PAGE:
The Final Four has been determined. For those of you that had a #1, a #2, and two #5’s in your Final Four, please give yourself a round of applause. For those of you that just clapped, you’re all liars. Shame on you. Let’s review the Elite Eight.
Many of you asked why there was no recap for the first day of Elite Eight action. Ok, so no one asked that, but I know one of you had to at least think it. Right? Forget it. Let’s move on.
The reason for not posting a Saturday recap was simple. In my opinion, there was little worth recapping. The 2010 Elite Eight gave us competitive, semi-exciting games with let’s be honest, a low level of play.
I love March Madness. It’s one of my favorite times on the sports calendar. I love the passion, the announcers, the excitement, and the interest from casual sports fans. However, the play throughout the 2010 tournament has been sloppy, inconsistent, and at times, downright ugly.
After all, suspenseful games can only carry the tournament so far. At some point there needs to be a higher level of play to sustain or increase viewing pleasure. I watched all four of the Elite Eight matchups and that increased level of play never came. Put it this way; I didn’t feel glued to my television at any time. I even switched over to “House Hunters” during the second half of the Baylor/Duke snooze fest. We’re in the Elite Eight and I’m switching over to the Home and Garden network? In the words of Dick Vitale, “Are you seriouuusssss?!”
Sorry Dickie V, but I am.
I can’t confirm this because my stat intern is away on vacation, but I would almost guarantee that turnovers are at, or near all-time highs, and field goal percentages are near all time lows. Maybe I’m watching too closely. I don’t know. What I do know is I’ve seen a lot of shots find iron and a lot of careless turnovers. Is it due to the shortage of legitimate stars, or it is because parity has infiltrated college basketball? Again, I’m not sure. But when media outlets feature the Final Four coaches instead of the teams, that’s a pretty clear assessment on where the 2010 tournament ranks. Coaches coach and players play. When players don’t play well, the coaches become the top story and THAT is never a promising sign for good basketball.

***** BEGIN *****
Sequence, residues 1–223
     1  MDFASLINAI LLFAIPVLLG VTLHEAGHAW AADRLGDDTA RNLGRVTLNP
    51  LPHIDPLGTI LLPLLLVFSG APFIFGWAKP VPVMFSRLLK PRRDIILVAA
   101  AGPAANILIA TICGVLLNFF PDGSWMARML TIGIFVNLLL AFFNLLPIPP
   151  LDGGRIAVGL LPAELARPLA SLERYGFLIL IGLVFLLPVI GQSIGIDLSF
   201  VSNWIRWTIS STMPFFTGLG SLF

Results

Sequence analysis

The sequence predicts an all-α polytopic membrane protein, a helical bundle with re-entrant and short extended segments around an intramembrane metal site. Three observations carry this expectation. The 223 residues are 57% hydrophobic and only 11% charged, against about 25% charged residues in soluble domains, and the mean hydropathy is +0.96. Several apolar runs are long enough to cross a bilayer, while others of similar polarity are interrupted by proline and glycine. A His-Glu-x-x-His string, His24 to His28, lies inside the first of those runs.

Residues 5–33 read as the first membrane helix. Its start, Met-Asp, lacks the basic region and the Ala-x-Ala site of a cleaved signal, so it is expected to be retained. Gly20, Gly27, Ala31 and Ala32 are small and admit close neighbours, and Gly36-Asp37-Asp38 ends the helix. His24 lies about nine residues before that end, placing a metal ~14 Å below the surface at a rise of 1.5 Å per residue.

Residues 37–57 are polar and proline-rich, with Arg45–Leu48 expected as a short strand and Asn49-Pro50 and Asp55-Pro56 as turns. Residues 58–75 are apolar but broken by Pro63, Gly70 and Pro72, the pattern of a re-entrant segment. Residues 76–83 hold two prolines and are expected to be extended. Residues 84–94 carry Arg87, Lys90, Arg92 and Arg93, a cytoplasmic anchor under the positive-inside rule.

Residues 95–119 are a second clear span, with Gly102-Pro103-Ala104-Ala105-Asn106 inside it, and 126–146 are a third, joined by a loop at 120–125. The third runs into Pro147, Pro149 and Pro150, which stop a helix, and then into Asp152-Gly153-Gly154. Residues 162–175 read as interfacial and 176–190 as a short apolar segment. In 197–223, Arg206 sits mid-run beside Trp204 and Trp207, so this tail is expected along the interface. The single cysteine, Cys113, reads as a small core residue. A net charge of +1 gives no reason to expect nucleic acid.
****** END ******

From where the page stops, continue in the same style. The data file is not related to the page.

Nevertheless, to satisfy the masses and utilize the notes I kept, here’s a quick recap of the Elite Eight slop.
West Virginia – Kentucky
It took all season, but Kentucky’s inexperience finally caught up with them. The scrappy, lanky, and savvy West Virginia Mountaineers frustrated the younger Wildcats en route to an upset in the East Regional Final. Young phenoms, John Wall and DeMarcus Cousins struggled against Bob Huggins’ 1-3-1 zone as they combined for 10 of Kentucky’s 16 turnovers. Furthermore, in true John Calipari fashion, Kentucky finished 55% from the charity stripe. Apparently, the “burn yourself on the hot stove once and you’ll learn a lesson” philosophy doesn’t apply to Mr. Calipari. His teams are always notoriously bad free throw shooters. Always. Hold on, let’s count how many titles he’s won while ignorantly sticking to his “free throws don’t matter” belief. ……. And we’re done. No counting required. That was fun.
While Kentucky’s freshmen struggled, West Virginia’s upper classmen took over. Da’Sean Butler (and the whole team for that matter) lit it up from beyond the arc, and backup point guard Joe Mazzulla outplayed John Wall–even outscoring him before fouling out late in the second half. Butler and Mazzulla (especially) aren’t better than Kentucky’s freshmen superstars (or arguably anyone in Kentucky’s starting five). That didn’t matter on Saturday night though. Experience was the key. West Virginia had it. Kentucky didn’t.